Football: Keegan made me a winner

Graham Snowdon reaps the benefit of a training session with the England coach
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The Independent Online
I WAS at home when I received "the call" and it came as a bit of a surprise. England scouts don't generally pay much attention to the north London five-a-side circuit. But here was an opportunity to impress the gaffer himself. An invitation to train with Kevin Keegan. My chance to make it big on the international scene.

Unfortunately the call came not from Keegan but from my sports editor. Adidas and the Silver Wizard were holding a "kicking clinic" at Craven Cottage to promote the Predator Accelerator football boot. My mission: to infiltrate training with the new England coach. And to try not to embarrass the newspaper too much.

"This is where we used to have the team meeting," Keegan quipped as around 30 journalists were shoehorned into a Portakabin nestling beside the famous Cottage. "We had to keep them short because you can't breathe in here."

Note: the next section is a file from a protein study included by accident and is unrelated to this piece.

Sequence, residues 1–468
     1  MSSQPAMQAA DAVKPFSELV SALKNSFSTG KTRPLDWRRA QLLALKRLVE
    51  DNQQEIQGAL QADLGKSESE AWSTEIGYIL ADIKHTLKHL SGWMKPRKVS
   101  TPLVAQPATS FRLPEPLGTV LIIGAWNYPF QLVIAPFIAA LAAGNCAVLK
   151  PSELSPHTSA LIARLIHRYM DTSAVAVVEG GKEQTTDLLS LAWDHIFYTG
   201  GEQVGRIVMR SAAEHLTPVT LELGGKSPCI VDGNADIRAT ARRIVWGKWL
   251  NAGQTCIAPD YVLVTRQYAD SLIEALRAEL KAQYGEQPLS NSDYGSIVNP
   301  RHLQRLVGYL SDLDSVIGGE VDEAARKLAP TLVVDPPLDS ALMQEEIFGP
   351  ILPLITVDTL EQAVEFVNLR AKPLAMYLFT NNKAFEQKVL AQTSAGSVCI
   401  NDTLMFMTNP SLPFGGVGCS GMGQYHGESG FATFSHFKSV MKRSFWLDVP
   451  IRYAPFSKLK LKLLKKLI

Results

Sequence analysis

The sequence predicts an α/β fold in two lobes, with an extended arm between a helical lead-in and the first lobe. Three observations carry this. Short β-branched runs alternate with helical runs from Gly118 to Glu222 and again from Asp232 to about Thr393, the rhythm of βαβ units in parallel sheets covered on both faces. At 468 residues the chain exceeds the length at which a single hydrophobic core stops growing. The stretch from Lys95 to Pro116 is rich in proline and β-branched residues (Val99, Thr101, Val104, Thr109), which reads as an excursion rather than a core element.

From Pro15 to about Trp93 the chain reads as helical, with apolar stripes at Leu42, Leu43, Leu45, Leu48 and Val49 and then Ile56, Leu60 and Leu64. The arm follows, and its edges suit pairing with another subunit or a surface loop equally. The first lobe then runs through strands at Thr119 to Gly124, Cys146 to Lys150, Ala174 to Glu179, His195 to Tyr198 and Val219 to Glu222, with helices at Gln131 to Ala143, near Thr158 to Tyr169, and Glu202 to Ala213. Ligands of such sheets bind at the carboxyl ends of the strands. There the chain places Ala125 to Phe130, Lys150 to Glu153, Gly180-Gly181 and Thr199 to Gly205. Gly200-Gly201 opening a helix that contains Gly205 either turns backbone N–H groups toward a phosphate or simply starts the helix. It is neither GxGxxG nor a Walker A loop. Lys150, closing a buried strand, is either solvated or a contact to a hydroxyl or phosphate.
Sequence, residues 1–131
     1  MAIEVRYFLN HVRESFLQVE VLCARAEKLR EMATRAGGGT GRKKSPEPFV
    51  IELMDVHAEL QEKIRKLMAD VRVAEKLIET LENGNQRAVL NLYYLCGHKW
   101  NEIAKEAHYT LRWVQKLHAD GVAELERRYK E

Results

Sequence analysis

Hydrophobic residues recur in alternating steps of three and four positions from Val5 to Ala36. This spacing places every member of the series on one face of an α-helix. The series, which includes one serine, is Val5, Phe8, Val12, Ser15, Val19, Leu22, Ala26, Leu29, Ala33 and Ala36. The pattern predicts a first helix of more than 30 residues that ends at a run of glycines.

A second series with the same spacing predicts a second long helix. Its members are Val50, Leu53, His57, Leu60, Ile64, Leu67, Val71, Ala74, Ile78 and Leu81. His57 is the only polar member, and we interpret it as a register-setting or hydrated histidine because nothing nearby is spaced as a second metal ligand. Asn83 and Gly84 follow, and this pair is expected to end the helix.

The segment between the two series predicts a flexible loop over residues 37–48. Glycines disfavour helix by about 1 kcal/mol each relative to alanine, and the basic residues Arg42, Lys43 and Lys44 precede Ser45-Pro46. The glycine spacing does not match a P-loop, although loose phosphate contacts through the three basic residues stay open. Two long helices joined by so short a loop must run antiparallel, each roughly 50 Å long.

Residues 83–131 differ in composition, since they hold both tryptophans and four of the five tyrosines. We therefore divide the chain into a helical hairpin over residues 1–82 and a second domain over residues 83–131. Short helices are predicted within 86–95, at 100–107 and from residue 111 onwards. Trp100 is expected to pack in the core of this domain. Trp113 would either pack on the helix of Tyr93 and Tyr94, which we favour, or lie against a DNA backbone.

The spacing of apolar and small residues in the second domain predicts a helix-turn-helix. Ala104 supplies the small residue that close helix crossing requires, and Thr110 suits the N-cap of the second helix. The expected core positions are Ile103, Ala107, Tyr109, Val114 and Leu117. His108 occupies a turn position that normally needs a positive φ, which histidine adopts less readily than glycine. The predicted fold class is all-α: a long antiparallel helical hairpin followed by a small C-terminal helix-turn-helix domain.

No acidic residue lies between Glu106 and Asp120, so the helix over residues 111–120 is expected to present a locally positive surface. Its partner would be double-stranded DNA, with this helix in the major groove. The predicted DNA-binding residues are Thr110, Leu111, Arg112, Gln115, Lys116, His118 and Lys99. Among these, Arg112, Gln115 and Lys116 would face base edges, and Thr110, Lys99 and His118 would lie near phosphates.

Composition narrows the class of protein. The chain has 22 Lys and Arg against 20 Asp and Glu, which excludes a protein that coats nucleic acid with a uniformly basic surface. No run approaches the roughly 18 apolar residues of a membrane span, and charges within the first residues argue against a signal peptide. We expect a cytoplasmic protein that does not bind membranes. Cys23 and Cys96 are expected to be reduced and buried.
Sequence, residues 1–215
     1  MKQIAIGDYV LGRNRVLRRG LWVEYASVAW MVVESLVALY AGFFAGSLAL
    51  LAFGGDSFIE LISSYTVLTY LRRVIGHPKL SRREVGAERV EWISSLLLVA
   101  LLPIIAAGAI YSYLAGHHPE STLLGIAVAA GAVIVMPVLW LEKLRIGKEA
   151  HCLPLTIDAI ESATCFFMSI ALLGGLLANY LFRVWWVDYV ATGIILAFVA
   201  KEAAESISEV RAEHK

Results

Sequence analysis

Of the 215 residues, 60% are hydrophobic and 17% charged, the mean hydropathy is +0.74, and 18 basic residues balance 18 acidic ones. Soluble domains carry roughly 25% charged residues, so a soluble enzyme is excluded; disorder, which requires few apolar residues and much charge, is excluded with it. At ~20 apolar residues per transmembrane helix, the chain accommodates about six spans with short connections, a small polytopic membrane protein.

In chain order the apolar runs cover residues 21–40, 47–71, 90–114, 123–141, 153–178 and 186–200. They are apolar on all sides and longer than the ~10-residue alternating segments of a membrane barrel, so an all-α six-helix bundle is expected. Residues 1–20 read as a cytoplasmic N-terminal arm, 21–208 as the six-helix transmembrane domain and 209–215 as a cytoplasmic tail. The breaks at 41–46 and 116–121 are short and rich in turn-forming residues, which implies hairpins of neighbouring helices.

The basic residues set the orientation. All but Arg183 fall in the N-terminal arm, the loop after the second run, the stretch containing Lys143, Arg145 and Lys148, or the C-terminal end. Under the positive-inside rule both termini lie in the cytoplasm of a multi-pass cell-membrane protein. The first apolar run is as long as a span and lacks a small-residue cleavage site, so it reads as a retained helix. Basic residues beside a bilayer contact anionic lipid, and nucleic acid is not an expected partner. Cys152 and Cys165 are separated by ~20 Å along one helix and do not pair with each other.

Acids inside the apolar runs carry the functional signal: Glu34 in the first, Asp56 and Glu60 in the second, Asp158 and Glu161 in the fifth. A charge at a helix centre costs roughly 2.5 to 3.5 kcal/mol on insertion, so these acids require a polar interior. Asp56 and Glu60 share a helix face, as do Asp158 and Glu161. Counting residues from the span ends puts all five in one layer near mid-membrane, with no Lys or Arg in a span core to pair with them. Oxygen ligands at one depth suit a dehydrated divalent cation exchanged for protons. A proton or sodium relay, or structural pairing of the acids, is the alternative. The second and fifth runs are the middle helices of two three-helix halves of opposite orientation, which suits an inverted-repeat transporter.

We huddled together in front of a blank tactics board. Would Keegan be revealing his master plans for the forthcoming Euro 2000 qualifiers? Or was this a cunning subterfuge designed to confuse the Swedes and the Bulgarians? Did they even care? It appeared not. Instead we were introduced to Joe Cole of West Ham United, Jonny Wilkinson the Newcastle Falcons and England rugby player, and Dave Alred, a professional kicking instructor who gave us a brief master class in the art of becoming "as one with the ball".

Keegan is highly regarded for his motivational skills and on the training pitch it is easy to understand why players love working with him. Even on a corporate promotional afternoon his enthusiasm was genuine to a fault. Amid the banter there is an encouraging word for everyone; a whisper in the ear here, a pat on the back there.

For starters we were led through a series of warm-up sprints and stretching exercises which set the pulses racing. "For those of you who are looking a bit red in the face don't worry, Bupa are sponsoring the afternoon," Keegan reassured us, before splitting us into teams and guiding us through a series of rugby and football kicking games which were intended to emphasise the superiority of the Predator boot.

"Are you sure you know which game you're meant to be playing?" he asked as I trudged back to my team after a woeful attempt at a drop goal which sailed into the top corner of the football net.

In the end there has to be a winning team - surprisingly it was mine, despite best efforts to the contrary. But for Keegan, attitude and enjoyment are far more important every time. "Coaches sow seeds," he said afterwards. "It is up to players to make them grow."

You sense that the England team may be blossoming again before long.

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